14. @Isaiah: No, it makes sense that the voters are vulnerable to the same marketing, the same hype, and the same fanboyism as everybody else. These lists are just top-tier fanboy consensus.

    (Where did Josh Barnett fight and lose to drop from #3 to OFF THE LIST?)

  15. Isaiah says:

    “Disciplinary Suspensions: Fighters who are currently serving disciplinary suspensions, or who have been denied a license for drug test or disciplinary reasons, are not eligible to be ranked.”

  16. Bah. I’m sorry that everyone was forced to face the painful but obvious realization that OF COURSE he’s been fighting in unregulated events because he’s still doping. Was that some kind of mystery?

    When Alistair Overeem gets busted, will that be news to anybody?

  17. Isaiah says:

    Eh. Josh wasn’t dropped for doping, he was dropped for being denied a license. And I really hope voters aren’t letting their suspicions about drug use guide their ranking decisions.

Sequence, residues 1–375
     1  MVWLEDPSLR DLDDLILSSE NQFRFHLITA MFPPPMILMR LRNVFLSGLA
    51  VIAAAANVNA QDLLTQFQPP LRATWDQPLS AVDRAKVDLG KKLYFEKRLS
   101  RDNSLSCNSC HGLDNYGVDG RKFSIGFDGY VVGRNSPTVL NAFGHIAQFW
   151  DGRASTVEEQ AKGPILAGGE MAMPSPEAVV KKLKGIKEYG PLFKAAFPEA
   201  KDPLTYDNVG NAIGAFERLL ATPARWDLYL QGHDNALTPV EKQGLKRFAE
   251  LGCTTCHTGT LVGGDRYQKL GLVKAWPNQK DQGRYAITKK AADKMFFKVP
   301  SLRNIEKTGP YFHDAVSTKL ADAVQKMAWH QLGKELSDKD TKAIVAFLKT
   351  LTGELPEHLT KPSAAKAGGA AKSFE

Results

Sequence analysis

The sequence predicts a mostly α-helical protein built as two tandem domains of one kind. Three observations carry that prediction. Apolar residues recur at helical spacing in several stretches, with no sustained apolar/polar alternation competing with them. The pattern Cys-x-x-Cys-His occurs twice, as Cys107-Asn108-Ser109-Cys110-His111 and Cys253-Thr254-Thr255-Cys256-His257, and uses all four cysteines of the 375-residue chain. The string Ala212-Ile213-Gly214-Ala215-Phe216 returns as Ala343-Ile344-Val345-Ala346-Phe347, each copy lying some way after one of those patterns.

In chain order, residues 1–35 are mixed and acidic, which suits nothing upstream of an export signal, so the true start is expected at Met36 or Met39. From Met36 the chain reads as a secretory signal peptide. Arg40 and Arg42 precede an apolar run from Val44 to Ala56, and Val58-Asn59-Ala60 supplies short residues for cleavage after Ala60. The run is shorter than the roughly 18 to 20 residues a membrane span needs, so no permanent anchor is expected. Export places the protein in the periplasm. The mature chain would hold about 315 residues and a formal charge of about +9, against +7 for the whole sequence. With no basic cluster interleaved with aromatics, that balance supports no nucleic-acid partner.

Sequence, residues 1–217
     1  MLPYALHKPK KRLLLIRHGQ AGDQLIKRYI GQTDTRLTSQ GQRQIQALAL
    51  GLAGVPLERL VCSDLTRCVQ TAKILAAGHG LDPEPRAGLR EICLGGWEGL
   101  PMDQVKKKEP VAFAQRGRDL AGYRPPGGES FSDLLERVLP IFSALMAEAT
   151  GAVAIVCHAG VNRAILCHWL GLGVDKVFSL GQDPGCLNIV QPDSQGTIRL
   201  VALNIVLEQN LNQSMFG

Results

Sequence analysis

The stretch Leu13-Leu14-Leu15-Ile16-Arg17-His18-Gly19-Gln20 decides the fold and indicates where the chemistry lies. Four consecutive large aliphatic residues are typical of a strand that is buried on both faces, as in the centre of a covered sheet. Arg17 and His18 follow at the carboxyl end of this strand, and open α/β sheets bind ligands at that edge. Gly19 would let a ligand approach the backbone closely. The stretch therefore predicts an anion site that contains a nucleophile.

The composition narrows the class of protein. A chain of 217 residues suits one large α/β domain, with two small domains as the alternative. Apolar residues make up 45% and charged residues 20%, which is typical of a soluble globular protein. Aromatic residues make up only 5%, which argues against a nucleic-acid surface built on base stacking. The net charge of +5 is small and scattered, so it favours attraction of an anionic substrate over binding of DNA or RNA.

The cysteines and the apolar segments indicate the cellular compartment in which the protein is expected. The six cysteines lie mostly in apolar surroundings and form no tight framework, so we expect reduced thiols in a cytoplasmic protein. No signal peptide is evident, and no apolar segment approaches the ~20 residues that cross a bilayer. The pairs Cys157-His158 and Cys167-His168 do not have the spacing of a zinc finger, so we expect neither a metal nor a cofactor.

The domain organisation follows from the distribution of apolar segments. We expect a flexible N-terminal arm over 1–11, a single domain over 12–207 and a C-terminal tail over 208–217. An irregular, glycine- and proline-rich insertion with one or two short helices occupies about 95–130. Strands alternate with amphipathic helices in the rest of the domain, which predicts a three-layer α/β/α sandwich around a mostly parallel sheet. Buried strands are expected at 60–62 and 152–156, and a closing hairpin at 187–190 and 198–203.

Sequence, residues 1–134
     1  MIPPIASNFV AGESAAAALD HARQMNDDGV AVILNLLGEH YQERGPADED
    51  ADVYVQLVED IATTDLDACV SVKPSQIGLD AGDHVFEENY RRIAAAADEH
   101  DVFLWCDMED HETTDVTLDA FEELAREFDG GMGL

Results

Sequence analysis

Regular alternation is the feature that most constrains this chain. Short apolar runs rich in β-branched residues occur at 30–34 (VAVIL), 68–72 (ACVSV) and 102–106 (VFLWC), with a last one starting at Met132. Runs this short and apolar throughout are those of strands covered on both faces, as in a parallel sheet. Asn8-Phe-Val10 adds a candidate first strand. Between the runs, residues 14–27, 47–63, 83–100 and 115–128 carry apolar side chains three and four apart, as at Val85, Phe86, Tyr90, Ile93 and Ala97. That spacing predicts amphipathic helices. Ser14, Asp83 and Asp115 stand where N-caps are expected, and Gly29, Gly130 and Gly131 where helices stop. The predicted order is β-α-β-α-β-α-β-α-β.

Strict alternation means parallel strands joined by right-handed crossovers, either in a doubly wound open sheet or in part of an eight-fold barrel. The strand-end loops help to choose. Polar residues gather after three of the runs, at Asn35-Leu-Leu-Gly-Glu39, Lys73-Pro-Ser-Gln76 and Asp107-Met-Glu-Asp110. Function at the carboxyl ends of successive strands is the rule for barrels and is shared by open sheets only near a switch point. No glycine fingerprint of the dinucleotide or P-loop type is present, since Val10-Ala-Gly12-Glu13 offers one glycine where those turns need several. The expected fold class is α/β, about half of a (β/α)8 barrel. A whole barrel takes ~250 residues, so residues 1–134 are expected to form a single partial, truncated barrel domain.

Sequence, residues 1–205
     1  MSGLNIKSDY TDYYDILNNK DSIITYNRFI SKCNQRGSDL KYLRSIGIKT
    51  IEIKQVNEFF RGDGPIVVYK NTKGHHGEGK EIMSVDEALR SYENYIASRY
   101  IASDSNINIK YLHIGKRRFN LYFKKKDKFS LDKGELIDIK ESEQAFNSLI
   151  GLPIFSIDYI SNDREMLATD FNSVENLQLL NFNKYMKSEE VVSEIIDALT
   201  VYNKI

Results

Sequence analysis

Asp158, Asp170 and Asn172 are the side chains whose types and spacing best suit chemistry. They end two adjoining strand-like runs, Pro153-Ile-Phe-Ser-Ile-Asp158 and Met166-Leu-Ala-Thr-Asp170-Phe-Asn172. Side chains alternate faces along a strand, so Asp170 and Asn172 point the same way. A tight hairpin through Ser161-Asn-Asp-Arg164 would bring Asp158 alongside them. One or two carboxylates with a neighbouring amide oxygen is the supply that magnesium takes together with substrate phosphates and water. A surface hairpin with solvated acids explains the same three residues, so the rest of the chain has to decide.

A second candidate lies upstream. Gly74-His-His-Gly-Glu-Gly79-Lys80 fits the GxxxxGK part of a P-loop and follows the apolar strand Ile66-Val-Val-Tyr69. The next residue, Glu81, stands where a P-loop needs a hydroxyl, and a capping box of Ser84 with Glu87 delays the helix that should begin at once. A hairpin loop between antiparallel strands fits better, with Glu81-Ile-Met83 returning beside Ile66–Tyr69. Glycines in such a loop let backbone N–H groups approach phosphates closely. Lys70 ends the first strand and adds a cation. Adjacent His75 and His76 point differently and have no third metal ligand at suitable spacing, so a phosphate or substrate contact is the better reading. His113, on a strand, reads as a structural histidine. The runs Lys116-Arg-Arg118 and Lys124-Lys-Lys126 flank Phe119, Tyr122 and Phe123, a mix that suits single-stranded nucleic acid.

18. Being denied a license doesn’t stop him from fighting in the same place he’s been fighting. I don’t see why they’d take him off the list for that.

  19. IceMuncher says:

    “Basically, to not rank Rogers where he’s ranked would require inconsistently
    applied standards.”

    No, some of us dispute the accuracy of the base rankings which you’re applying your standards too. In fact, the worst case of inconsistent applied standards was ranking AA so high in the first place (I had him at #7 when he fought Fedor). You don’t go from losing to Sylvia twice to becoming #2 in the world by beating Nelson, Rothwell and dancing with Werdum. I’m fairly certain Dos Santos could beat Nelson and Rothwell, but somehow I doubt I would see many websites make him the #2 HW if he did so. Same thing goes with Barnett’s ridiculously high ranking before he was scheduled to fight Fedor.

    In fact, when AA lost to Rogers, I thought it was proof positive that AA was so highly over-rated, but instead it seems like everyone just wants to make it like Rogers is a great fighter with amazing boxing (his boxing sucks, watch the Abongo fight, all arm punches and he’s stiff as a board). Rogers is going to be exposed Houston Alexander style, and in two years you’ll wonder why you bought into the hype.